After a week in the UK I can confirm that the chip-and-pin card meets all of my expectations and is just about the best thing ever. No longer do I have to watch the merchant get surprised when the card terminal spits out a slip of paper and fumble for a pen; I get to enter my PIN like a proper European. (The only thing I have to deal with now is telling the point-of-sale terminal that I would rather pay in Pounds, thank you; and occasionally the merchant recognizes my accent and expects a signature but the credit card terminal asks for a PIN like it's suppose to.)

Jaeger descends the escalators at Angel Station
Jaeger descends the escalators at Angel Station

And then, while I was waiting to catch up to the next generation of retail payments, a whole new generation appeared while I wasn't watching.

When my United Mileage Plus card expired a few months ago, Chase Bank sent me a new card and let me know that it was a fancy new-fangled contactless card. Credit card terminals that read contactless cards are few and far between on the ground in the United States, but they do exist.

The contactless card came in handy in one unexpected place: when visiting Portland I discovered that the local transit system accepts contactless payments in place of (yet another) regional stored value card -- so all I had to do was tap my card when I boarded the streetcar to pay for my transit. (It turned out to be somewhat less convenient when traveling with my family, though; they couldn't pay with the same token so they used the transit app (or bought single-use tickets).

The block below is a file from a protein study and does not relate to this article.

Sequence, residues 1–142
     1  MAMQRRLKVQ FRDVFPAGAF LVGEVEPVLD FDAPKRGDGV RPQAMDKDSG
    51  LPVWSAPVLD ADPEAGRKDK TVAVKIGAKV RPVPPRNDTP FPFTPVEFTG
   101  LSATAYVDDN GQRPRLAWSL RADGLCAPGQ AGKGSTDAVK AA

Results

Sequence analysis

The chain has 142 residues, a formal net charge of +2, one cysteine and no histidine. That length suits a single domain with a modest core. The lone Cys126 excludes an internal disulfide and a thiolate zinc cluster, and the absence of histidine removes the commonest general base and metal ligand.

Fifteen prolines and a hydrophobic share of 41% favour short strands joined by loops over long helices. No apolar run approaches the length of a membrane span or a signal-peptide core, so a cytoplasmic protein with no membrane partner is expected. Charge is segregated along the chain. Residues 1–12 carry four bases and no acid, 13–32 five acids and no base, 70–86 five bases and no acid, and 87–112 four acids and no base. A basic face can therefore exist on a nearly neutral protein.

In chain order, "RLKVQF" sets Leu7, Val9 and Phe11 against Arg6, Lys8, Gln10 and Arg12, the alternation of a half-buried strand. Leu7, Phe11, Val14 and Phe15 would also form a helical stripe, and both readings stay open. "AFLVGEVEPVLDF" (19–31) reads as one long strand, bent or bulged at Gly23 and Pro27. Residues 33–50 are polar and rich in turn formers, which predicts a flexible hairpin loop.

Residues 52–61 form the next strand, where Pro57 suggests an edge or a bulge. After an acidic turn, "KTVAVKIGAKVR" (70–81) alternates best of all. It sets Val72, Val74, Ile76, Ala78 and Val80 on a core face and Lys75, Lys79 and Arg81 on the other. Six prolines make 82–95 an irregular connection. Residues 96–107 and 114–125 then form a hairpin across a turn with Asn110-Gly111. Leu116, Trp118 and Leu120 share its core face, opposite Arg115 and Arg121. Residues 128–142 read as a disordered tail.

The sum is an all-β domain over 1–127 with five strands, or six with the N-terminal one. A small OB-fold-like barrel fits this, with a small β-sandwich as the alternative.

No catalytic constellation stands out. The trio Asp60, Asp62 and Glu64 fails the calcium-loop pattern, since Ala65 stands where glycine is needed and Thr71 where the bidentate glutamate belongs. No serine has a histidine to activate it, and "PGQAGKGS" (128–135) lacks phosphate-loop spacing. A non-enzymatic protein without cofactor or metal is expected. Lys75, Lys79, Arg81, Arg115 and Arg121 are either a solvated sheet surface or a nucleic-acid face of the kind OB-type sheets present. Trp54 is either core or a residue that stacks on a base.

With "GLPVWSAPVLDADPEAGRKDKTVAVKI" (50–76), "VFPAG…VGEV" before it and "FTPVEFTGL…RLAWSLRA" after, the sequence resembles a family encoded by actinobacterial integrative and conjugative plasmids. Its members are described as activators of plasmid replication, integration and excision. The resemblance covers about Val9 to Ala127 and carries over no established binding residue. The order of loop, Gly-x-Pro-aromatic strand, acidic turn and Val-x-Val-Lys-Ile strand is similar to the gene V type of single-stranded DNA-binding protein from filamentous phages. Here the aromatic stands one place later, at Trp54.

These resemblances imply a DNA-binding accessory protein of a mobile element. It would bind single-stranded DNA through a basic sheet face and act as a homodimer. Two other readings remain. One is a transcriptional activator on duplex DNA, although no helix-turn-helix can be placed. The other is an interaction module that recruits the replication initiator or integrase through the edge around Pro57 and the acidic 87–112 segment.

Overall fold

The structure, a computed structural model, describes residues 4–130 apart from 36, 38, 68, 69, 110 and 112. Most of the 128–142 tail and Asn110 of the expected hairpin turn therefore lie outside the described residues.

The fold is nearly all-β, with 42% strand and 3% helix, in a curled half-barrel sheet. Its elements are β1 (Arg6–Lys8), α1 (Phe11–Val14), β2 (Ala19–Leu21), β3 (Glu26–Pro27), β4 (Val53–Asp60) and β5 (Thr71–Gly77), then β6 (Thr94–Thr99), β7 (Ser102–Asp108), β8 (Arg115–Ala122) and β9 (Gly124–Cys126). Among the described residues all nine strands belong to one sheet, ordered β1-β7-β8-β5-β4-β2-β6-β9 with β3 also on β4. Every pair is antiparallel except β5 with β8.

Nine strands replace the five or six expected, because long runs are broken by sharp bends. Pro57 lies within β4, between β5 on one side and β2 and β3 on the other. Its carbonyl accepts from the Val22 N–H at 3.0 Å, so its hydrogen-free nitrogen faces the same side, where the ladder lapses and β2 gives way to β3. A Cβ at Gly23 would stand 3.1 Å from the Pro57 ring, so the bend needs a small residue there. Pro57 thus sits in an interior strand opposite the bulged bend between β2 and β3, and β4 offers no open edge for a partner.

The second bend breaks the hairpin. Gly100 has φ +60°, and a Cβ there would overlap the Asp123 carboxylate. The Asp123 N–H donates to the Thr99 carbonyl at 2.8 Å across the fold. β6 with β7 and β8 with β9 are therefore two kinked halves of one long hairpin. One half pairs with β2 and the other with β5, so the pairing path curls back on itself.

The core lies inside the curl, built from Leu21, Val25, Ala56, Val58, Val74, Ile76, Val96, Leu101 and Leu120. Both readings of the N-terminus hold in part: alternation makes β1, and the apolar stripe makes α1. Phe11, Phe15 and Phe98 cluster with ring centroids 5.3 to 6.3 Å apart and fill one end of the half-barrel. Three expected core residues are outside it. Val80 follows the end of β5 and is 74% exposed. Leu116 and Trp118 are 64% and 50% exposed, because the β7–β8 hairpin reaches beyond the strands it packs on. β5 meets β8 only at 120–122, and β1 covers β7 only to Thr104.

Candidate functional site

When I arrived in London I topped up my Oyster card, and used it for a while, but then I remembered that London's transit system took also contactless payments (or, to be fair, they took contactless payments first, and only then did Portland catch on). This turned out to be even more convenient that the Oyster card, mostly because I didn't have to add value to the card.

(The only thing I noticed while riding the Underground is that the fare gates have more tap latency than BART. I haven't measured it empirically, but it feels like BART's fare gates open within 200 milliseconds -- just on the edge of my perception, but the Underground's fare gates take just long enough (maybe 400 milliseconds?) that I notice there's a delay and wonder whether my payment is valid just in time for it to open the fare gates.)

It also turned out that many merchants in London had point-of-sale terminals that would accept contactless payments -- and that using these terminals was amazingly fast and easy. All I had to do was tap my card on the top of the terminal and it'd beep and it would just work -- faster and easier than sliding the card into the chip reader or swiping the magnetic strip, let alone entering a PIN or signing anything.

The other compelling use-case for contactless payments is phone-based payments: I saw people using their phones in place of contactless credit cards on the Tube and at merchants. This is the use-case that credit card companies point to when we start talking about chip-and-pin cards: Maybe we can skip a generation and just move to contactless payments on our phones -- or our watches, or whatever.

I got to use the future of payments in action, and now I'm going back in time a decade to 2019 in America where we still use signature theater to authenticate our credit card transactions.

like a lot of geeks, I can run risky meatspace things
through my head until a faulty value comes out that
suggests there's no need to actually do them.
- Caleb John Clark, "Linux and the Lady", Salon.com 27 September 2000